Can metabolic control analysis be used to control epidemics?

Lead Research Organisation: University of Liverpool
Department Name: Mathematical Sciences


Our recent mathematical modelling has shown that H5N1 avian influenza in the British poultry industry can be controlled more (cost) effectively by targeting duck and goose farms than by more general intervention strategies applied equally to all farms. Indeed, these targeted interventions were shown to mitigate the chance of large outbreaks altogether.

The present research is a feasibility study to develop a general framework for designing targeted interventions to prevent and control epidemics. It is based on recent mathematical developments in the representation of epidemics on networks which enable ideas from systems biology to be applied in this new area. These methods are particularly relevant for epidemics in livestock industries where the structure is often well described by individual farms connected by a contact network of potential infection routes. Current measures for controlling epidemics in these industries often rely on general policies of increased biosecurity, vaccination, culling or movement bans. While these approaches are demonstrably effective, more targeted applications of these methods are likely to be less intrusive to the operation of industry as well as being cheaper to implement.

Epidemics are examples of complex systems where system-wide factors such as their size, likelihood, and control are emergent behaviours resulting result from the interaction of many individual components. In addition to other many other areas, problems concerning the control of complex systems also occur in systems biology where we also wish to alter network functionality by targeted interventions to help us gain understanding and to generate medical and industrial applications. For example, these could be to maximise the generation of a particular chemical for industrial purposes (e.g. ethanol in yeast) or for medical applications (e.g. determining key interventions which will destroy a tumour cell while leaving healthy cells unharmed). That is, we want to achieve the maximum positive effect with the minimum targeted intervention.

In systems biology, a form of control theory known as Metabolic Control Analysis (MCA) is used to determine the impact of specific interventions on living (typically single-cell) organisms. This project will develop related ideas to design targeted interventions to prevent or control epidemics. The application of an MCA-like theory in this context requires some novel mathematical developments but, where possible, its development will be inspired by comparison with MCA.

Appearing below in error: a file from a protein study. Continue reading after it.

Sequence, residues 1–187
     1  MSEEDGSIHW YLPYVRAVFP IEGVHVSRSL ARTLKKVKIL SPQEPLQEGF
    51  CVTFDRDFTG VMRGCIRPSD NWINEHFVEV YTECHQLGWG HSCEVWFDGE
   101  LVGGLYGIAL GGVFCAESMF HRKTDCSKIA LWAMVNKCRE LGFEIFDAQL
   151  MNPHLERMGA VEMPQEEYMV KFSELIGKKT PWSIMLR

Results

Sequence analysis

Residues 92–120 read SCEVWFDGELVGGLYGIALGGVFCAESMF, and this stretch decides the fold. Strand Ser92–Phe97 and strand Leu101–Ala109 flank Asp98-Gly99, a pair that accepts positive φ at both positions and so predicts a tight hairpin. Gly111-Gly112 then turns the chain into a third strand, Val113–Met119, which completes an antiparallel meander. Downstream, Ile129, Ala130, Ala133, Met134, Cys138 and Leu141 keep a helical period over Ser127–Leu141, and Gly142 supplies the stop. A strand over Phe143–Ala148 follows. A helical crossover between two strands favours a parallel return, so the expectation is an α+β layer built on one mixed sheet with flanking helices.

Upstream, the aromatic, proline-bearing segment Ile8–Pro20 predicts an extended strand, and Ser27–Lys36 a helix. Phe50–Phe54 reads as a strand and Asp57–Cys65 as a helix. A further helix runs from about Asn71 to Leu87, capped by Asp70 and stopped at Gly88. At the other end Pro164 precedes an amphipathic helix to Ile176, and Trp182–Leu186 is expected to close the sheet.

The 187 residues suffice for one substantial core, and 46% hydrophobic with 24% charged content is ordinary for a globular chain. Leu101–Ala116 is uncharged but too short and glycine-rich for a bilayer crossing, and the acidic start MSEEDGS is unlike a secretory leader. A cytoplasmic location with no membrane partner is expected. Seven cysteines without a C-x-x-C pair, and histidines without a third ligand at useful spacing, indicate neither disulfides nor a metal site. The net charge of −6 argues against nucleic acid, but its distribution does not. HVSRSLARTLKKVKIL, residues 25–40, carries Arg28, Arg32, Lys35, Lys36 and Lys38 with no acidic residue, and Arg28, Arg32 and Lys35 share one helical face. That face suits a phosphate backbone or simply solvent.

Targeted intervention to control infection in livestock is clearly of significant importance, not only for the welfare of the animals but also for the economic impact on industry and the wider economy. This analysis could also identify key sites or risk factors for epidemics enabling preventative measures to be put into place such that an epidemic rarely occurs.

A more subtle benefit from this research is to establish a stronger link between the methods used in systems biology and the methods used in epidemiology. Presently these subjects evolve quite independently but have notable methodological similarities. It is expected that this research will contribute to closer links, with ideas developed and implemented in one area inspiring ideas in the other.

Planned Impact

The major societal and economic impacts of this work concern future applications to the design of targeted control strategies for controlling epidemics in livestock. In particular, this will help farmers by controlling epidemics in livestock with potentially less disruption to industry operation. Additionally, minimal a priori interventions suggested by this method could prevent major outbreaks occurring in the first place.

A targeted approach is likely to be more cost effective, saving resources in implementation and equipment. Specific, targeted interventions are also likely to win support from farmers and the public, particularly those aimed at preventing epidemics from taking hold. Its impact is therefore expected to be beneficial to policy makers.
Description Developed a new methodology for fragmenting networks so that they are less likely to propagate epidemics.
Investigated applying epidemic methodologies to models of evolution and showed how basic evolutionary models of structures populations could be derived.
The work has also motivated and led to new ways of looking at invasion processes which were subsequently investigated under a Leverhulme award.
Exploitation Route The methods can be used where a network is needed to be altered to make it less likely to propagate dynamics. It can also potentially be adapted to increase robustness to supporting dynamics (e.g. logistics and energy supply).
Sectors Agriculture

Food and Drink




Description Invasion in population dynamics
Amount £163,000 (GBP)
Funding ID RPG-2014-341 
Organisation The Leverhulme Trust 
Sector Charity/Non Profit
Country United Kingdom
Start 03/2014 
End 02/2017
Description University of Liverpool EPSRC Impact Acceleration Account
Amount £1,000 (GBP)
Organisation Engineering and Physical Sciences Research Council (EPSRC) 
Sector Public
Country United Kingdom
Start 09/2016 
End 12/2016
Description University of Liverpool Impact Acceleration Account
Amount £11,876 (GBP)
Organisation Engineering and Physical Sciences Research Council (EPSRC) 
Sector Public
Country United Kingdom
Start 03/2016 
End 01/2017